Hatsu Torikumi Released: Kisenosato Will Start

The NSK released the schedule for the opening two days of the upcoming tournament. Among the storylines, the headline is that Kisenosato is scheduled to compete. Out of the gate he will tackle two top tadpoles, Takakeisho and Hokutofuji. In truth, the entire yokozuna triumvirate will have their hands full. In his do-or-die hatsu, Kakuryu starts off with the reverse schedule, Hokutofuji followed by Takakeisho. Meanwhile, Hakuho begins with Onosho and then faces a hopefully resurgent Ichinojo on Day 2.

I’m excited to see Ichinojo back in the joi, starting with his first bout against Goeido. He had a premature taste last tournament from M4 as the depleted sanyaku ranks, with five unable to finish, meant he faced seven top tier opponents including Yokozuna and Ozeki. Without such injuries, M4 would likely face a couple of lower sanyaku opponents. Ichinojo held his own, beating Goeido, Mitakeumi, and Yoshikaze and finishing with 10 wins overall. A similar record this tournament will not only catapult him into san’yaku but could kick off an Ozeki run.

Kotoshogiku, the former ozeki, will prove to be an interesting test for Mitakeumi and Takayasu. Both are coming off injuries and may be ripe for an upset. The senior rikishi from Sadogatake is clearly driven. He wants to be back among the top ranks, even though he’s no longer on anyone’s short list for yusho contention. There were a few bouts in the last tournament where it looked like his sumo was developing beyond the humpity-bumpity. He still finds yorikiri and oshidashi wins, somehow. But if he starts picking up -nage wins, he could arrest his slide down the banzuke. The top ranks are a mix of banged-up geezers and green upstarts. It’s time to use some wiles.

Terunofuji will face Chiyomaru for the first time in four years. After two years in Juryo, Chiyomaru has apparently finally been cast in a recurring role among the lower maegashira and should serve as a decent early test of those knees. Is Terunofuji headed for Juryo or can he recover after a prolonged period of lower-ranked competition? On Day 2 he’ll face the one-time high-flying Kotoyuki, who’s coming off his own recovery in the lower ranks. If Kotoyuki has recovered, he may flip-flop with Kotoshogiku as top at Sadogatake. His tournament will start against Uncle Sumo Aminishiki.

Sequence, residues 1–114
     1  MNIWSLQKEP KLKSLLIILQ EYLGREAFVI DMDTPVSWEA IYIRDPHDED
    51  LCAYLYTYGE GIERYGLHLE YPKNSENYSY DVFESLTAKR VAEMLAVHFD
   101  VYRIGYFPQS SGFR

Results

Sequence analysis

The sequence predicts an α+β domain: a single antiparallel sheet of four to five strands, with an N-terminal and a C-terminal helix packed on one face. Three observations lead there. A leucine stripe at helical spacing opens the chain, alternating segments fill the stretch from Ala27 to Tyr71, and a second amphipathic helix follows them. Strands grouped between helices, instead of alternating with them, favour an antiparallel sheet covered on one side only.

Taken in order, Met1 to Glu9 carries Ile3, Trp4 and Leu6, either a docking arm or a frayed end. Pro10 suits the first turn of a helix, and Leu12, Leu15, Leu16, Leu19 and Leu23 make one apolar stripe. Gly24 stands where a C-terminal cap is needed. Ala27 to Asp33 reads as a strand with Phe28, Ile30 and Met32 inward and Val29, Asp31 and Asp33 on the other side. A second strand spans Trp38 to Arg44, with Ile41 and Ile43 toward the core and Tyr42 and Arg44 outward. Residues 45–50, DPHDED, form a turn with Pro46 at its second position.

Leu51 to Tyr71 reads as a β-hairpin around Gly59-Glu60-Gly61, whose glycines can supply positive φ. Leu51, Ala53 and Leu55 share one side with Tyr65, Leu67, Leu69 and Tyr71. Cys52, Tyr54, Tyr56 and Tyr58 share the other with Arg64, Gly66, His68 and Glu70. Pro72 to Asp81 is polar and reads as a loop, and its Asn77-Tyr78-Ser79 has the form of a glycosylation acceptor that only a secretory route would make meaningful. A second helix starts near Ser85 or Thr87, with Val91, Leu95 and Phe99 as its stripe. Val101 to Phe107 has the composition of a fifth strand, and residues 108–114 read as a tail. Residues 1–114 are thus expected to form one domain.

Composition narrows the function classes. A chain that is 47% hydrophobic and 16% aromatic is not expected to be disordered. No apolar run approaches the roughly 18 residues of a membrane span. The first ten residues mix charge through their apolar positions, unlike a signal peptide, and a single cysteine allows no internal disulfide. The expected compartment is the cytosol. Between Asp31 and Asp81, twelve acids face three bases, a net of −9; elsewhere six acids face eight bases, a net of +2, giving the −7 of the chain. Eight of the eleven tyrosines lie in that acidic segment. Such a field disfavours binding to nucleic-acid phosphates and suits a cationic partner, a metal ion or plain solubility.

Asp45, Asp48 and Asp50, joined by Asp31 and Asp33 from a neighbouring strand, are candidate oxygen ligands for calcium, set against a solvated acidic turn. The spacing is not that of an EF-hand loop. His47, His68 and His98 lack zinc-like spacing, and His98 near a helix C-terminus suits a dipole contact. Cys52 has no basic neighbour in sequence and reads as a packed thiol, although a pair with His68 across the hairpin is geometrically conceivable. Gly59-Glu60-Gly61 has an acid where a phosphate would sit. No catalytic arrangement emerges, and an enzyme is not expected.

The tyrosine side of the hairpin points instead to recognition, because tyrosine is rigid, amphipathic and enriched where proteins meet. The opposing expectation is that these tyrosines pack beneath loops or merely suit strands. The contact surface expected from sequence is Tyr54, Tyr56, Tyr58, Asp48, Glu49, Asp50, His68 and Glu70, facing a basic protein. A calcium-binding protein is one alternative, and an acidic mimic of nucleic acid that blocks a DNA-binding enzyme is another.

I’m likely alone in my early picks but my Bout of the Day for Day 1 is Goeido v Ichinojo. This early bout should set the tone for both men’s basho. Will Goeido be in contention and will the Monster show up? As an optimist, I’m hoping for “Yes.” My pick for Day 2 is Tamawashi v Yoshikaze. One hopes to start an Ozeki run, the other just always brings it. “There Will Be Blood.”

9 thoughts on “Hatsu Torikumi Released: Kisenosato Will Start


  1. The first two days are really exciting!
    It is making me doubt my decision to go to the second week instead of the first 😭
    I truly hope Ichinojo is genki, as he is amazing to watch when he is.


  2. How many kinboshi will be given up in the first two days? I’m guessing 3, one by each yokozuna (as long as Onosho is wearing the red mawashi).

    I think Hakuho is still working himself back into fighting shape, and he’ll be harder to beat later on in the basho, but may drop one early. As for the other two yokuzunas, I’m actually (perhaps foolishly) bullish on their prospects for this tournament, and I’m guessing both win 10-12 matches, but Takakeisho and Hokutofuji provide quite the early test.

    What are you guys predicting for the first two days?


  3. I am a ”cup half empty guy” and I have a terrible feeling that both injured Yokozuna will, not only give up a couple of gold star wins this month, but neither will make it through the tournament. Hate to be such a downer but I’m afraid neither man is healthy and will not be given the chance to get healthy. I think this is their last hurrah.Boy, I hope I’m wrong.


  4. Kakuryu’s face betrays no emotion as he pushes his dwindling pile of chips to the centre: “All in”. Kisenosato hesitates; he glances at his cards; he counts his chips. A single bead of sweat charts an erratic path down the great slope of his forehead: And then… “All in”.

    I know sumo and gambling are not supposed to mix but that’s how I visualise the situation.

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